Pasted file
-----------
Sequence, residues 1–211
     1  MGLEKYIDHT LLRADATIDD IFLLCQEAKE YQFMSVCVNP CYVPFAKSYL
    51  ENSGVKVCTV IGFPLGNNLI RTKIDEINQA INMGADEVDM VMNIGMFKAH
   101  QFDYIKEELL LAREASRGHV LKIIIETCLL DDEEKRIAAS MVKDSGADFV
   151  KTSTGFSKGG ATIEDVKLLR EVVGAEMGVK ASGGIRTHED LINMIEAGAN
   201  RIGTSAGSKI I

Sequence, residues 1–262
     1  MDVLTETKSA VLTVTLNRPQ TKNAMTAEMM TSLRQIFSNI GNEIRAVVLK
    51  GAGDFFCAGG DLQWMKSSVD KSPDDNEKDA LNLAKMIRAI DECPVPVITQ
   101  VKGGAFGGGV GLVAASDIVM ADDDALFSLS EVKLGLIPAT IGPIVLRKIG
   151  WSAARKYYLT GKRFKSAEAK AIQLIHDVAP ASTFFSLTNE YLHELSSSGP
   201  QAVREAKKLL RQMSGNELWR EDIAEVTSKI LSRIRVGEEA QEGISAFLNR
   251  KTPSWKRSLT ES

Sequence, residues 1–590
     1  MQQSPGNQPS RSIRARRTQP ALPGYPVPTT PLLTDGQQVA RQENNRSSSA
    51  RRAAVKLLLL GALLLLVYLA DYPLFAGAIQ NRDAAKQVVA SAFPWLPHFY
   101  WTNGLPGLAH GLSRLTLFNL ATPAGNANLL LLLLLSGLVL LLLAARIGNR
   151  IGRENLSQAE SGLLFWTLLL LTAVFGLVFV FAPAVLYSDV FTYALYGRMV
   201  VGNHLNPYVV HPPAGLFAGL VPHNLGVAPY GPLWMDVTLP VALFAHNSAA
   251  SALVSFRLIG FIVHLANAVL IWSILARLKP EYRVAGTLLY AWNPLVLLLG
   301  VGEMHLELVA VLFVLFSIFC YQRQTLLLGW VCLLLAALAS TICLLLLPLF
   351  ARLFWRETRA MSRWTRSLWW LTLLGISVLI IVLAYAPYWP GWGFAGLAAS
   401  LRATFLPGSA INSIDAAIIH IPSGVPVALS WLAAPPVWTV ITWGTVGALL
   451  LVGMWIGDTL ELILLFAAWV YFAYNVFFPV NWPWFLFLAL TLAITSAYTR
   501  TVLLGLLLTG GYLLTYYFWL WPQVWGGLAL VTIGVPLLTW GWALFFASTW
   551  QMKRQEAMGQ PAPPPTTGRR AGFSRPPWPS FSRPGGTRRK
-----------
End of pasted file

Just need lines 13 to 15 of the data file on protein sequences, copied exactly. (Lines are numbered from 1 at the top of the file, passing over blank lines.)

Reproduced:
   251  KTPSWKRSLT ES

Sequence, residues 1–590
     1  MQQSPGNQPS RSIRARRTQP ALPGYPVPTT PLLTDGQQVA RQENNRSSSA